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The Trump administration wants to cut the Energy Department's renewable and energy efficiency program by nearly 70%, according to a draft agency budget document viewed by Axios.

Why it matters: Congress is probably not going to grant such deep cuts, but the numbers are nonetheless important for two reasons: 1) It shows how extreme the administration wants to go with its budget cuts in policy areas its rhetoric hasn't supported. 2) It puts a low marker down to negotiate with Congress. The lower the starting point, the lower the ultimate numbers could well end up.

Expand chart
Data: Draft of Energy Department budget; Chart: Andrew Witherspoon / Axios

For the record: An Energy Department spokesperson didn't immediately respond to a request for comment.

What we're hearing: Most environmental groups and other left-leaning advocacy groups have focused on the deep budget cuts Trump wants for the Environmental Protection Agency, but some organizations want to ensure the broader umbrella of Democratic and environmental interests also defends the clean-energy investments at the Energy Department.

"The clean energy and climate communities need to defend energy innovation with the same vigor they're defending environmental protections," said Josh Freed, vice president for clean energy at Third Way, a center-left think tank.

What's next: The Trump administration has said it will send its budget request for fiscal year 2018 to Congress next week. These proposed cuts are part of a broader effort across the administration to make deep spending reductions, including in the Energy Department's offices of nuclear and fossil-fuel energies.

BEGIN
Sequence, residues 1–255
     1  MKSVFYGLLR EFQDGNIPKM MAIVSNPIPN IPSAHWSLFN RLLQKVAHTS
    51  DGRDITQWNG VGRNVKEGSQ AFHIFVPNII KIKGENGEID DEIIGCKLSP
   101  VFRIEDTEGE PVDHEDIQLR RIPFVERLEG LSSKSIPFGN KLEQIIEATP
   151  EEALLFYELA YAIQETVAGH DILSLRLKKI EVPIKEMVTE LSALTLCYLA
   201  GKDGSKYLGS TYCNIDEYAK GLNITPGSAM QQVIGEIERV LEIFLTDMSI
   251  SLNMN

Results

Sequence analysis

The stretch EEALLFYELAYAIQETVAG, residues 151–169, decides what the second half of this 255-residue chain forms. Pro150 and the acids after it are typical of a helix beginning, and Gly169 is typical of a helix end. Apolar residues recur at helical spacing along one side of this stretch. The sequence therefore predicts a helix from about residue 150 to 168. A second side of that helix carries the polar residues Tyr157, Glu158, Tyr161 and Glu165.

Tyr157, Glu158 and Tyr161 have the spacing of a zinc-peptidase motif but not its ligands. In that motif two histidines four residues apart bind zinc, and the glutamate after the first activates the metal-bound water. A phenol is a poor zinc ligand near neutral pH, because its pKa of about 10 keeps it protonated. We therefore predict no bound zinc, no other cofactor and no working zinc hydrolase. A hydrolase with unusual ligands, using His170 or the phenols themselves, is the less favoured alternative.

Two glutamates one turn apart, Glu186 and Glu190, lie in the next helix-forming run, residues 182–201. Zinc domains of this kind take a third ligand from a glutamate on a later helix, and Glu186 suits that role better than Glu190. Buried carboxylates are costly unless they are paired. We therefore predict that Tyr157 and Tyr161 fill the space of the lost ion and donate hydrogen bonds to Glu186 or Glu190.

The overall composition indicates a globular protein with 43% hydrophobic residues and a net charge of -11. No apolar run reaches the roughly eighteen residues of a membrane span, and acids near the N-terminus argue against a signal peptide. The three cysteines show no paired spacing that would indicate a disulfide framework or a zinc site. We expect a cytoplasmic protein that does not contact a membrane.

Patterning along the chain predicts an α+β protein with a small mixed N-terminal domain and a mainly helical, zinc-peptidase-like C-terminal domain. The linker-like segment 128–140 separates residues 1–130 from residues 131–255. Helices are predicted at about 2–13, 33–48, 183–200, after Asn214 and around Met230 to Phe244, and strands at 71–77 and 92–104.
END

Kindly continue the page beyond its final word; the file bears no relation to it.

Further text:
Go deeper

Updated 1 hour ago - Politics & Policy

Coronavirus dashboard

Illustration: Eniola Odetunde/Axios

Dave Lawler, author of World
1 hour ago - World

Biden holds first phone call with Putin, raises Navalny arrest

Putin takes a call in 2017. Photo: Handout/Anadolu Agency/Getty

President Biden on Tuesday held his first call since taking office with Vladimir Putin, pressing the Russian president on the arrest of opposition leader Alexey Navalny and the Russia-linked hack on U.S. government agencies.

The state of play: Biden also raised arms control, bounties allegedly placed on U.S. troops in Afghanistan and the war in Ukraine, according to a White House readout. The statement said Biden and Putin agreed maintain "consistent communication," and that Biden stressed the U.S. would "act firmly in defense of its national interests in response to actions by Russia that harm us or our allies."

Biden signs racial equity executive orders

Joe Biden prays at Grace Lutheran Church in Kenosha, Wisconsin, on September 3, 2020, in the aftermath of the police shooting of Jacob Blake. PHOTO: Jim Watson/AFP via Getty Images

President Joe Biden on Tuesday signed executive orders on housing and ending the Justice Department's use of private prisons as part of what the White House is calling his “racial equity agenda.”

The big picture: Biden needs the support of Congress to push through police reform or new voting rights legislation. The executive orders serve as his down payment to immediately address systemic racism while he focuses on the pandemic.

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